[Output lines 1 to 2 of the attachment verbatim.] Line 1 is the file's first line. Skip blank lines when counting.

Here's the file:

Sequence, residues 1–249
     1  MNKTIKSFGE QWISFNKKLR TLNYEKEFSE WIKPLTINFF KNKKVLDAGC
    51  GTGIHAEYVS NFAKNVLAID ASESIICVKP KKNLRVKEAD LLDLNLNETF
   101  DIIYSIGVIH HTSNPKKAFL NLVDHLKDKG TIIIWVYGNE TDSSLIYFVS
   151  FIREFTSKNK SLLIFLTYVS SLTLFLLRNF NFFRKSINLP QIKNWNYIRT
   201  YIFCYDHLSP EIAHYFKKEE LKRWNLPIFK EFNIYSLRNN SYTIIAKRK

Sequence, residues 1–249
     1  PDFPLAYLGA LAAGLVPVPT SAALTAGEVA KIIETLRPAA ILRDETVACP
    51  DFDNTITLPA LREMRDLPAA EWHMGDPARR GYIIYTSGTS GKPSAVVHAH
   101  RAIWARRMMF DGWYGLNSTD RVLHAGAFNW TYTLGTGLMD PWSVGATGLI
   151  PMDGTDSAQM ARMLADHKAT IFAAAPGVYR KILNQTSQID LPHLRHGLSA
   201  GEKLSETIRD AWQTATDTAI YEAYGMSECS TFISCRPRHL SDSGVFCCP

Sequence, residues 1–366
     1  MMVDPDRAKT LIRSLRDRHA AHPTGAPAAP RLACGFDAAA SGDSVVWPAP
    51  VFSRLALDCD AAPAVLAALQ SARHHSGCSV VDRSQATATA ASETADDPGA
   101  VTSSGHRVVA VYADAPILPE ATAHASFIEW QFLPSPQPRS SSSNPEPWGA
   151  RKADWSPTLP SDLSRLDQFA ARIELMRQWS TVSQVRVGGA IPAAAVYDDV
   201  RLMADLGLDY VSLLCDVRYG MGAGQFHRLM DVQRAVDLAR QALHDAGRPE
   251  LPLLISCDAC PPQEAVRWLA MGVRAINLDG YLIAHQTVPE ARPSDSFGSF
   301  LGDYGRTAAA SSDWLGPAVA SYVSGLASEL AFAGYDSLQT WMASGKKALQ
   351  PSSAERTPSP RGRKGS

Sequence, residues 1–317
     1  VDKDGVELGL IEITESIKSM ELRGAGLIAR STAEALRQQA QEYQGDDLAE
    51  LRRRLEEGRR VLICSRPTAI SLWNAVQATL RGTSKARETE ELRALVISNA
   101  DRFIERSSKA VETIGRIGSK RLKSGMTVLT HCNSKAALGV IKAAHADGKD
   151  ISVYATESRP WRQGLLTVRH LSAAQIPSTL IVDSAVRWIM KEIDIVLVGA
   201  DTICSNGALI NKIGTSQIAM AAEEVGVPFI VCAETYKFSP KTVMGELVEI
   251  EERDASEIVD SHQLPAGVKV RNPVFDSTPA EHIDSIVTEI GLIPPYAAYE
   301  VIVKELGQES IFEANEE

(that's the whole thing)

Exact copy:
Sequence, residues 1–249
     1  MNKTIKSFGE QWISFNKKLR TLNYEKEFSE WIKPLTINFF KNKKVLDAGC